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7 ways to learn a language

One of the most useful skills in the traveller’s repertoire, learning a language can help you make friends, unlock a culture and get you out of trouble. But where to start?

7 ways to learn a language

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1. Have a goal
It’s all very well making the grand New Year’s resolution to learn Mandarin. But without realistic, short-term objectives, you’re likely to flounder. For example, if your first goal in learning Spanish is to chat to locals in bars, make a learning plan that includes questions and opinions about popular conversation topics like music and football. The key is to break down your language acquisition into achievable milestones and tailor your practice accordingly.

2. Get with the tech
Don’t throw away the text books just yet, but do embrace the world of smartphone apps. There are a lot of fun and addictive resources to tap into. Combine a language course app, such as Duolingo, Busuu or Babbel, with
a flashcard app for vocabulary, such as Memrise, AnkiApp or Tinycards, and practise with native speakers on chat platforms, including HelloTalk or HiNative. When abroad, keep Google Translate or iHandy Translator in your digital arsenal.

3. Virtual immersion
Living abroad is not a prerequisite for learning a foreign language; there’s nothing ‘in the air’ that will magically make you fluent. The useful bit — being exposed to everyday language — can be replicated wherever you are through TV, film, radio, podcasts and music. Having a Brazilian soap opera on while you commute or cook, will help tune your ear to the cadences and pronunciation.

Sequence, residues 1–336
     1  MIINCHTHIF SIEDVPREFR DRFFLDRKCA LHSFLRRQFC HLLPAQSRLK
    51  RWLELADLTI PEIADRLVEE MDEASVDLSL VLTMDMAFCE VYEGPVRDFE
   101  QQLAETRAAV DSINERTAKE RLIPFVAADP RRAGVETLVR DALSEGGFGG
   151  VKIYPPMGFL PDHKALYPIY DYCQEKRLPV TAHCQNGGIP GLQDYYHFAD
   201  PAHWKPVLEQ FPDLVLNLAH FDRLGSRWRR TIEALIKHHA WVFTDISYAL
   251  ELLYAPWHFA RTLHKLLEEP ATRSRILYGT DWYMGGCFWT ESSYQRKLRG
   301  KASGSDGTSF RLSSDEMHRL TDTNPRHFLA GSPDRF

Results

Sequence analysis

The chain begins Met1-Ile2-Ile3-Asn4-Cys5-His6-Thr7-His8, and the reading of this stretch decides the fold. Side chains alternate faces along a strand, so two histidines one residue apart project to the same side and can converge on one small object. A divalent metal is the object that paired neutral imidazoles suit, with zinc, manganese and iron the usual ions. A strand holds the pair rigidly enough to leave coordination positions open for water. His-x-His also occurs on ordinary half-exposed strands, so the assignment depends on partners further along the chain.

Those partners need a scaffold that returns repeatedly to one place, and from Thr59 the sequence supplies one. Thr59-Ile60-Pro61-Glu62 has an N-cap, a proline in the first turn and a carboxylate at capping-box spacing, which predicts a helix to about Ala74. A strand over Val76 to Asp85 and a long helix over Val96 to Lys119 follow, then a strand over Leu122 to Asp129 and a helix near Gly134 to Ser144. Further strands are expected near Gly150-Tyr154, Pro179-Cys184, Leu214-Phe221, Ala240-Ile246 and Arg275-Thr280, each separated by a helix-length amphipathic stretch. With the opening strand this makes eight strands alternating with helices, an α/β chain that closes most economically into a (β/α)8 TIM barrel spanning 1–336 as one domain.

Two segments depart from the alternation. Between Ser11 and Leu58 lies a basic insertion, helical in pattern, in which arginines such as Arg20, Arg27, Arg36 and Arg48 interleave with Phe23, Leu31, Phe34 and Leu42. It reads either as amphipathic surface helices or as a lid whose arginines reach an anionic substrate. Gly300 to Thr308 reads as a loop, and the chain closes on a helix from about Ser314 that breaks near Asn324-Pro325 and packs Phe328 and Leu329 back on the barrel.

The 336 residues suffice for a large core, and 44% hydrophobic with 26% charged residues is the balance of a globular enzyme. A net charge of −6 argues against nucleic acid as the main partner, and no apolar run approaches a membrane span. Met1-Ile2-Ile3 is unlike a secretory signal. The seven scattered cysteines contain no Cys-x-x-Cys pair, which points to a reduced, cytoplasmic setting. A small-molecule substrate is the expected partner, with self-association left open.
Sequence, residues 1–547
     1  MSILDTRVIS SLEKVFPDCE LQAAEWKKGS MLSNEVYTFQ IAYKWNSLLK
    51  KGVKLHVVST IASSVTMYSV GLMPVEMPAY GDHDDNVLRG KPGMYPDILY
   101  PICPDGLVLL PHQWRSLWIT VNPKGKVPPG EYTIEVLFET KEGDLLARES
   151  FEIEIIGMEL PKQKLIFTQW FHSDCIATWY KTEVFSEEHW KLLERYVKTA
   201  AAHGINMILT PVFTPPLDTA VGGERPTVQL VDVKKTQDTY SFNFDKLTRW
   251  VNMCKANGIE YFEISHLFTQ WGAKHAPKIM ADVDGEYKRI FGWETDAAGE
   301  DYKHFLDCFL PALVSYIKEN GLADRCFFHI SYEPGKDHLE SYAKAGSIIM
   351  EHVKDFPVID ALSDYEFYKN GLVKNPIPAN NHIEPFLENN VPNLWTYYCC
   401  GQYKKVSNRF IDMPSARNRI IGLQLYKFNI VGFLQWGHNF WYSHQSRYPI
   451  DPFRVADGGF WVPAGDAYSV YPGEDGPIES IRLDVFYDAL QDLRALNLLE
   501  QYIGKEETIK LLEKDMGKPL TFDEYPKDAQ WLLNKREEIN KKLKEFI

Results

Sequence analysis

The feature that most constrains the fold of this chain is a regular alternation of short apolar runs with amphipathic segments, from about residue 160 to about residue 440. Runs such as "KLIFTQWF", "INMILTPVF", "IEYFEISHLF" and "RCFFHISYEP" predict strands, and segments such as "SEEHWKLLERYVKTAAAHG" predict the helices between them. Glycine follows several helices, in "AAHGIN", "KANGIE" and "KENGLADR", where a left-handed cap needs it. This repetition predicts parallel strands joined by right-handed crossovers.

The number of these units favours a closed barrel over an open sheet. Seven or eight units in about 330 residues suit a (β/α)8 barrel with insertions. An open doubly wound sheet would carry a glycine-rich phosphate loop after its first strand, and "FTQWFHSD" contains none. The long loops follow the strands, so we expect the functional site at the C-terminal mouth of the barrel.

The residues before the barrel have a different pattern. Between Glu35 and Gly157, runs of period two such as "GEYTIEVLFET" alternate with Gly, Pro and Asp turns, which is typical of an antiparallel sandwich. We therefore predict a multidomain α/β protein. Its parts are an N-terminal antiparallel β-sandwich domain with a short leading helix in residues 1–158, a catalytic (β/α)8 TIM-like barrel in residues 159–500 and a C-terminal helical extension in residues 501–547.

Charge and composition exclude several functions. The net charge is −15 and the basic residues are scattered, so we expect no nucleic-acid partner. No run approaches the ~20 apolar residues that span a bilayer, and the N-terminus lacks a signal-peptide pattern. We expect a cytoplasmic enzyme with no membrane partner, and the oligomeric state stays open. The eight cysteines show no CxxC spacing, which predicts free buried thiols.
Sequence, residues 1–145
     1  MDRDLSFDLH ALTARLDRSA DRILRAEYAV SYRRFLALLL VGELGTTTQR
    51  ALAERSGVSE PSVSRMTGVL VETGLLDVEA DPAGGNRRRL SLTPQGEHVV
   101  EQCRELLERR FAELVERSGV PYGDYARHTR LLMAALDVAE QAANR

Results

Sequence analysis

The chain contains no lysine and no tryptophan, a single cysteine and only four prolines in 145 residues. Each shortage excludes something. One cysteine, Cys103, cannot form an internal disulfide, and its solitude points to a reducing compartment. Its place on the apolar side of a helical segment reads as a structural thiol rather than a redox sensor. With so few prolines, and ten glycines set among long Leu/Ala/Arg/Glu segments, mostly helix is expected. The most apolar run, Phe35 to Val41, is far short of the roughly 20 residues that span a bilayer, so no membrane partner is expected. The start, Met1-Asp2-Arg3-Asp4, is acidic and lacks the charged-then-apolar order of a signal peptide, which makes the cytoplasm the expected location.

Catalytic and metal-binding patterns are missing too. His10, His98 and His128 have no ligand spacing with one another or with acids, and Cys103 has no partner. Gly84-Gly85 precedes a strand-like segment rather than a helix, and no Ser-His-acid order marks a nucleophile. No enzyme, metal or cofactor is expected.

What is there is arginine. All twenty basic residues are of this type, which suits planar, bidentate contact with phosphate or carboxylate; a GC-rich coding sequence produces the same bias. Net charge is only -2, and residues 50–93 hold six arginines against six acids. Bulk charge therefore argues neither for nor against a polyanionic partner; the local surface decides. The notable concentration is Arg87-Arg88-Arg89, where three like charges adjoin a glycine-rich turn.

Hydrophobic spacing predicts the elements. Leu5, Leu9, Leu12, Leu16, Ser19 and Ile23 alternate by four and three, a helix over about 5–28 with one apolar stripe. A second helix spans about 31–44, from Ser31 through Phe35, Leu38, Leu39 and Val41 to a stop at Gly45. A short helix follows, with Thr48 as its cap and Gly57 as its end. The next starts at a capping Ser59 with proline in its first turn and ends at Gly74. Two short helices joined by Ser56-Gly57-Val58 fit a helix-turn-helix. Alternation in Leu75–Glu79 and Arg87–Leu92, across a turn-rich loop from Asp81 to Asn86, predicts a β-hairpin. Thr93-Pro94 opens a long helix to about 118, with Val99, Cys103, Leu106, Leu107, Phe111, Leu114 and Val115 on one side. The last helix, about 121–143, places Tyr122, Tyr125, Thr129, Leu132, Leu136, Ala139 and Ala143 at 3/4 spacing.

4. Start with cognates
Romance languages, such as French, Spanish, Portuguese and Italian, have many words in common with English as result of shared Latinate sources. ‘Action’, ‘nation’, ‘frustration’, ‘tradition’, ‘extinction’, and thousands of other ‘-tion’ words are spelled the same in French (although pronounced differently). Switch that ‘-tion’ to a ‘-ción’ and you have the same words in Spanish. Italian is ‘–zione’ and Portuguese is ‘-ção’. In any language, loan words are your allies; they should be quick and easy to memorise.

5. Memory techniques
If you’re having a hard time getting key words to stick, try to glue them in your brain using a visual mnemonic. Picture the meaning in a dynamic, colourful and weird way that links to its translation. Also, when you come across a new word, try using it a few times right away in different sentences. Studies show using words flexibly activates different parts of your brain.

6. Practise speaking early on
There may never be a time when you feel ‘ready’ to begin conversing, so find a conversation partner and jump in, using whatever phrases you know. Companies such as Conversation Exchange can set up conversation lessons with native speakers via Skype.

7. Learn to sound more native
Fillers are the words and phrases people say all the time between sentences. In French, an example might be ‘alors’; in Spanish, ‘pues’; in Japanese, ‘so desu-ne’. They don’t always mean much, but peppering your conversation with these flourishes will make you sound native, and buy you precious, face-saving time to think while formulating your sentences.

Put these tips into practice alongside one of International Houses’ language courses. For information about International House, visit ihworld.com

Checklist: Language learning tools

The podcast: News in Slow, in various languages. Free. iOS/Android
The book: Language Hacking by Benny Lewis. RRP: £11.89
The electronic dictionary: Ectaco Partner Lux 3. From £349.95.
The app: Google Translate. Free. iOS/Android

Published in the December 2016 issue of National Geographic Traveller (UK)

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